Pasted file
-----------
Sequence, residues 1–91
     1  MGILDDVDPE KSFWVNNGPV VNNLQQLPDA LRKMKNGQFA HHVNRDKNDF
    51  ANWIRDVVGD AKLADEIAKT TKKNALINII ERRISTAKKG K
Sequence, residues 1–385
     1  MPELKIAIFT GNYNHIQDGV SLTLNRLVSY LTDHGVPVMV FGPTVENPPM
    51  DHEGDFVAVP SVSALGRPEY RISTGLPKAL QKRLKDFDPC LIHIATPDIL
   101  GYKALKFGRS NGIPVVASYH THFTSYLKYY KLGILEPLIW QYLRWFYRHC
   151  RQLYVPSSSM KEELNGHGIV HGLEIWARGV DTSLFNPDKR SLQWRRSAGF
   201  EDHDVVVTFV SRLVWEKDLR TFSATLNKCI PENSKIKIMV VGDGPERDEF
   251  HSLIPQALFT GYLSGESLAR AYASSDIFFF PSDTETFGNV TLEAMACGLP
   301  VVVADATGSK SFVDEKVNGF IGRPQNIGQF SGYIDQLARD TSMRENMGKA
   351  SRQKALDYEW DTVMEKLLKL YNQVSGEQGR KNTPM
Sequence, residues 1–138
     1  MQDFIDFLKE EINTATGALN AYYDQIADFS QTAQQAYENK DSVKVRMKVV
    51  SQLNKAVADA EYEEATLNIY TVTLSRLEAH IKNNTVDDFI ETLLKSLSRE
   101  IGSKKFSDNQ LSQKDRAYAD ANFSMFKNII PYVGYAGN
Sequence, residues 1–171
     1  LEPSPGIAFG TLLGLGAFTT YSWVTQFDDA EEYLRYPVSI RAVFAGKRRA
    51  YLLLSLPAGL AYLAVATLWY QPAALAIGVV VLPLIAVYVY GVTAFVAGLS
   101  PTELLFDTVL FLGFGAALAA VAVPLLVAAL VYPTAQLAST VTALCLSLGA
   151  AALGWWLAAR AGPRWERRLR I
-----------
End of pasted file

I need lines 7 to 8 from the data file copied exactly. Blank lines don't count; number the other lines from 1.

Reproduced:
   101  GYKALKFGRS NGIPVVASYH THFTSYLKYY KLGILEPLIW QYLRWFYRHC
   151  RQLYVPSSSM KEELNGHGIV HGLEIWARGV DTSLFNPDKR SLQWRRSAGF